/* My bits are protected, are yours?*/ poons: Civil Contingencies Bill
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16 October, 2004
  Civil Contingencies Bill
Emphasis added by poons.

I was made aware of Clause 21 (3) (j) today by a letter (see next post) in the Worcester Evening News.

Namely :-
"Emergency regulations may make provision of any kind that could be made by Act of Parliament or by the exercise of the Royal Prerogative, in particular, regulations may..."

The Joint Committee was extremely concerned about this provision. Indeed so concerned were they that they listed twenty-two fundamental constitutional laws which should not, under any circumstances, be amended or removed (eg: the Magna Carta 1297 and the Bill of Rights 1688). Their report commented that this clause as set out in 21.3.j:

"allows regulations to disapply any Act of Parliament. In the wrong hands, this could be used to remove all past legislation which makes up the statutory patchwork of the British Constitution".

The government's response was to reject the need for a list of constitutional laws that should be protected from amendment or revocation under this Bill. Their rejection simply relies on a convoluted argument from Parliamentary Counsel namely that:

"each proposed exercise of such a power must be assessed by reference to whether or not it is within the class of action that Parliament must have contemplated when conferring the power"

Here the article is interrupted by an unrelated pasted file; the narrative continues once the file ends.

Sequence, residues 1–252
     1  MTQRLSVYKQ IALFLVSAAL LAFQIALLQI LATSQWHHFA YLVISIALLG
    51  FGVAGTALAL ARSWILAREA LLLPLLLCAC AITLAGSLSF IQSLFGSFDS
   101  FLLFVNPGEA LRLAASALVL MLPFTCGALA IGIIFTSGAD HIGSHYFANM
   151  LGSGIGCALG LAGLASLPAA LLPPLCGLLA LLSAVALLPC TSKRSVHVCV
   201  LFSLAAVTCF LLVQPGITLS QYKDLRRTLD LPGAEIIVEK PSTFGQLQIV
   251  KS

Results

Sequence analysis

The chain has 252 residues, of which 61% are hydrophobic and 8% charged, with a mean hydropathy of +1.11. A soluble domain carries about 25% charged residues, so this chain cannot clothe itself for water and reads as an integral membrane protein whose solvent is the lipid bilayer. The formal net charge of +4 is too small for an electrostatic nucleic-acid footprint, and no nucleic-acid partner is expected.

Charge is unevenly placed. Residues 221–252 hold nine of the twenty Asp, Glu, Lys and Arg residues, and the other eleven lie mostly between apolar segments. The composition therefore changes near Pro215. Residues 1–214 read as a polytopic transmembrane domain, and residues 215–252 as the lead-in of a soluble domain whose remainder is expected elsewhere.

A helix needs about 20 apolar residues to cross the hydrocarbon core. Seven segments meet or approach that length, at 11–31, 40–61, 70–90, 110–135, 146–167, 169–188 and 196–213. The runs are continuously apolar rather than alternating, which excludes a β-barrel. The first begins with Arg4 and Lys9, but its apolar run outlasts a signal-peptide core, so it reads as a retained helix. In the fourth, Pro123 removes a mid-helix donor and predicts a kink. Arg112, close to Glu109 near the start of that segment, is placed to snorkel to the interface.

The Parliamentary Counsel goes on to advise that "in the unlikely event of needing to use this power Parliament will not permit interference either with a general presumption or with a "constitutional" enactment". This leads the government to conclude:

"we cannot presently envisage circumstances in which this power would lawfully enable us to make a substantial amendment to a constitutional enactment".

The Joint Committee argued that if the government wished to even have the possibility of such a sweeping power then it should be subject to separate legislation. The government refusal to remove this clause leaves a hostage to fortune. As the Joint Committee observed:

"In the wrong hands, it could be used to undermine or even remove legislation underpinning the British Constitution and infringe human rights"

This is the most dangerous sweeping power ever contemplated in the entire history of democracy in the United Kingdom. The power would be used by a Secretary of State (probably the Home Secretary) and would not require any consultation with the Monarch or the Privy Council.

It would allow any Government to dismantle ALL PREVIOUS ACTS OF PARLIAMENT should they feel the need. This is equivalent of the US patriot acts ability to suspend the Constitution.

It must not be allowed to happen.
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